No biblical character is more pitiful than Eli, the Levite priest who defiled God's house because he couldn't bring himself to discipline his two wayward sons. The Bible says Hophni and Phinehas were "worthless men" (1 Sam. 2:12, NASB).
That was putting it mildly. These rascals, dressed up in their sweet-smelling priestly garb, were responsible for one of the first religious sex scandals in history. They became Eli's greatest shame.
Not only did these guys prey on vulnerable women (and engage in sex with them right in the doorway of the house of God), but they also were involved in the worst kind of financial exploitation. They cunningly manipulated people while taking offerings; then they misused the gifts for their own sordid gain.
Slick-talking preachers with zipper problems and big expense accounts—does this sound familiar?
Eli's fatal flaw reminds me of a problem we face today. He was timid about confronting sin. He tiptoed around the real problems. He lived in denial at a time when the church was in moral crisis.
Even though Eli questioned his sons' behavior and warned them of the consequences, he did not remove them from their positions. Even though the people in the pews were shocked by Hophni's and Phinehas' sexual escapades and financial shenanigans, Eli let his privileged boys go right on taking offerings and raping parishioners. Year after year he allowed his sons to mock God and infect people with their corruption.
The story does not end well. Because sin had entered the house of the Lord, the ark of God's presence was captured by the Philistines, and Hophni and Phinehas were killed in the raid. The Bible paints an ugly picture of what happened when Eli heard the news of his sons' deaths: "Eli fell off the seat backward beside the gate, and his neck was broken and he died, for he was old and heavy" (1 Sam. 4:18).
That's not a flattering obituary, especially with the mention of Eli's obesity. Perhaps the Bible uses such graphically honest language to drive home the point that this pathetic priest was not only timid but also undisciplined in his personal life.
What does this obscure Old Testament character have to do with us? There are plenty of people today who have adopted Eli's theology of greasy grace and sloppy holiness. Their mantra is "mercy." They say there is no longer any need for church discipline or moral standards in leadership.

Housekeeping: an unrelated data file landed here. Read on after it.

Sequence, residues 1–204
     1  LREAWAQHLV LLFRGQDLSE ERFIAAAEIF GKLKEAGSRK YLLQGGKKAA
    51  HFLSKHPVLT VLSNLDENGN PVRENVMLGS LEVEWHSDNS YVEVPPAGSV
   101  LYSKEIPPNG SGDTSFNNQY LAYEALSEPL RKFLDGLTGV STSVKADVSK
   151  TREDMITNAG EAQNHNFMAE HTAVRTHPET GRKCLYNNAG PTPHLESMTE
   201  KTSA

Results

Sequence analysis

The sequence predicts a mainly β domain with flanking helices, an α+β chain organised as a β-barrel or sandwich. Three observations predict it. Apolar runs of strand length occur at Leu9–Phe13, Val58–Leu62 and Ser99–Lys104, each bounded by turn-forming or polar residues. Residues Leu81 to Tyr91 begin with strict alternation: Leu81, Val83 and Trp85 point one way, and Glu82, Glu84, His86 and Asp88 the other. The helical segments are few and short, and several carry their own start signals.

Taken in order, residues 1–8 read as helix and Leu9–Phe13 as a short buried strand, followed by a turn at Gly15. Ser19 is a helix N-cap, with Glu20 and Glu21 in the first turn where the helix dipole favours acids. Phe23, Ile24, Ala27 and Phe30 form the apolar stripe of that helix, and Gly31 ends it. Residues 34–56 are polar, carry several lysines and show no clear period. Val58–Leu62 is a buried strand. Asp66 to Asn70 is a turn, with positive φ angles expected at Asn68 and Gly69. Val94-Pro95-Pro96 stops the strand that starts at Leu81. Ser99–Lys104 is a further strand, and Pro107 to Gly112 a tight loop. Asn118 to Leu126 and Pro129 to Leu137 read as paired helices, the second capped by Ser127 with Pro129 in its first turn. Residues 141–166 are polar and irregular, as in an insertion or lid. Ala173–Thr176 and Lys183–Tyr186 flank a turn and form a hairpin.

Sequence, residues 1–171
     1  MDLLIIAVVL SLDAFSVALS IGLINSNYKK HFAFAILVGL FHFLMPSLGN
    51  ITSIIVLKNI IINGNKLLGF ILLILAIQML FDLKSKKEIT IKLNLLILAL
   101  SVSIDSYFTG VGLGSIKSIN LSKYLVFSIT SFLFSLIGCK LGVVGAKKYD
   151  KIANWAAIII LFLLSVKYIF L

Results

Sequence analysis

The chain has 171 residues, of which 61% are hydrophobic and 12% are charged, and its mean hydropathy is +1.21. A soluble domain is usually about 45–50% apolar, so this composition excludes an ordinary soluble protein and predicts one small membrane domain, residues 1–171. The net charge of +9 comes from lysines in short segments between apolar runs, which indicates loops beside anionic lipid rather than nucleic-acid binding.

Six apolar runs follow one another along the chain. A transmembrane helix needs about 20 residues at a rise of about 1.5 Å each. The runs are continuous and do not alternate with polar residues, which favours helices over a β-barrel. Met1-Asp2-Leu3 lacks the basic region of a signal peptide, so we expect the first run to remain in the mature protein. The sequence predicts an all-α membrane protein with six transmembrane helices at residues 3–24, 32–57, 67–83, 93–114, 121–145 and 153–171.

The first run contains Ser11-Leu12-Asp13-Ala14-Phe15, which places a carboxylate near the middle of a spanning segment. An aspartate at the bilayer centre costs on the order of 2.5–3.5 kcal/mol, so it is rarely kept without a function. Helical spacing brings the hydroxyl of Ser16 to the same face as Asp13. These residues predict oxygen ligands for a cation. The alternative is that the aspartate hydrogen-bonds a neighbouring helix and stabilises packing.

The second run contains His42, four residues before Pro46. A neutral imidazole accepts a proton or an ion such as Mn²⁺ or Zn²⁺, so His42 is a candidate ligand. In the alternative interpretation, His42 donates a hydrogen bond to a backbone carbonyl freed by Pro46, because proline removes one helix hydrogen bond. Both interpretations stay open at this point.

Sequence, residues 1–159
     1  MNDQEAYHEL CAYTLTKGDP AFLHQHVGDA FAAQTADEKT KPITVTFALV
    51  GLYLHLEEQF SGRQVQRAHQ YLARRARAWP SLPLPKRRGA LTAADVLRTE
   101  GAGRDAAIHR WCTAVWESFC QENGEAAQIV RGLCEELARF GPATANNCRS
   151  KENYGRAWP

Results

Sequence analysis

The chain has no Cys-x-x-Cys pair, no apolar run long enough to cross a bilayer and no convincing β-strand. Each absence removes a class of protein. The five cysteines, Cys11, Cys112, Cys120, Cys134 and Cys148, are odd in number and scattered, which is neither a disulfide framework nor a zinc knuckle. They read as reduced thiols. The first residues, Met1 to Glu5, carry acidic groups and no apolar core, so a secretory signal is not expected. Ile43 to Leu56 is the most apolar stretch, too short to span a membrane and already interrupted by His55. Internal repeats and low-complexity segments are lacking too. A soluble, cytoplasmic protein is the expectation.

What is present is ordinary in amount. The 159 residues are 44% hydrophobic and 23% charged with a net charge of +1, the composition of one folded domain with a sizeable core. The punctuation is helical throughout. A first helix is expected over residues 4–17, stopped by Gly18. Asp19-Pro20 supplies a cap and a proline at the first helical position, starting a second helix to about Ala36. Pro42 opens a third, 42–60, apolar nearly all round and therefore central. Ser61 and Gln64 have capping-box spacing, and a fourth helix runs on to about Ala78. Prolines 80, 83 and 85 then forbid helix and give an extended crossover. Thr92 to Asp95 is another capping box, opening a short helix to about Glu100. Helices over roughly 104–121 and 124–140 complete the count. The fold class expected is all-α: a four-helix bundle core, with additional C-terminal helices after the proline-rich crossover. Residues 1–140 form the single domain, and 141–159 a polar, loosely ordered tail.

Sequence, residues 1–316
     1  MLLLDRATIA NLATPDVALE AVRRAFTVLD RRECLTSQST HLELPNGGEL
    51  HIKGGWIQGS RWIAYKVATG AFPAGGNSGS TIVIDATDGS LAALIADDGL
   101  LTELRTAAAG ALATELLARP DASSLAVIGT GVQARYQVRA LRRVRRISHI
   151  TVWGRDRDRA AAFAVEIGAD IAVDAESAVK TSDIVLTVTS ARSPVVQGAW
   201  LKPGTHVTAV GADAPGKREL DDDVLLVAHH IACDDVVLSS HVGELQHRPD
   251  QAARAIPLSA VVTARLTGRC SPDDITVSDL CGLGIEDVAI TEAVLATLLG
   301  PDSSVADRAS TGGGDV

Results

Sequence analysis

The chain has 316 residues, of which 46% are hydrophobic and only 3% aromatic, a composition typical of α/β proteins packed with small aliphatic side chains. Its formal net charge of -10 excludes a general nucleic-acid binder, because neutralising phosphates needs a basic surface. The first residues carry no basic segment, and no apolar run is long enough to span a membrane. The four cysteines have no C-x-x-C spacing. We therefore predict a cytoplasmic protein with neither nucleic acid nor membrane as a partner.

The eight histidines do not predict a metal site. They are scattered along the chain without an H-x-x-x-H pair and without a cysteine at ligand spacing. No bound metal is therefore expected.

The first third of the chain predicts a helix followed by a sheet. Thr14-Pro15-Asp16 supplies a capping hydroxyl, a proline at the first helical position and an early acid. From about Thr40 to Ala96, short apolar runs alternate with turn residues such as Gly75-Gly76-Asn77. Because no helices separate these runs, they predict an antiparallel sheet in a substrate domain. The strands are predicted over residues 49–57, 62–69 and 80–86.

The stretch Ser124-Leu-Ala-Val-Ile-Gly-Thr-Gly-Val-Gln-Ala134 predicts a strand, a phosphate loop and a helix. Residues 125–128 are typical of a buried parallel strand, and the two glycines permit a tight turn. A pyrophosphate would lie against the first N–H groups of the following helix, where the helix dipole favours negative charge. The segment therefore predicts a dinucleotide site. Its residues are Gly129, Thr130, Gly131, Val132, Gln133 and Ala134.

Among independent charismatic churches in America, we've developed a lovey-dovey culture that shies away from hard-line discipline and makes it easy for disgraced leaders to find new jobs fast. But I don't see this lax attitude in the apostle Paul, who set high standards of character for all his leaders, blacklisted false teachers and even excommunicated people who continued in immorality.
Paul went so far as to turn certain crooked leaders over to Satan so they would learn their lesson (see 1 Tim. 1:20). Sounds kind of extreme, but extreme sin requires extreme measures.
The bottom line: Godly leaders draw lines and enforce moral standards—without becoming self-righteous and unkind. Ungodly leaders, on the other hand, may appear to be nice and compassionate, but they actually are being unfaithful to God if they refuse to require their spiritual sons and daughters to follow biblical standards of behavior.
We face a serious leadership crisis in the American church, and part of our problem is the sin of Eli. I am making an appeal to the fathers and mothers of the church: Will you please do your job? We need your rebuke and your rod of correction.
Please go to those who are exploiting God's people financially and make them stop. Please confront those who are robbing the church for personal gain. Please go to those who are abusing others, sexually or in any other way, remove them from leadership and get them healed.
Please don't let the Hophnis and Phinehases of today have airtime on Christian TV. Please don't showcase them in your conferences. Please stop looking the other way when you hear about their blunders. Please restore discipline to the body of Christ.
J. Lee Grady is the editor of Charisma. Check out his weekly online column, along with many other exclusive Web features, at www.charismamag.com. You can also post your comments about this article on our Web forum.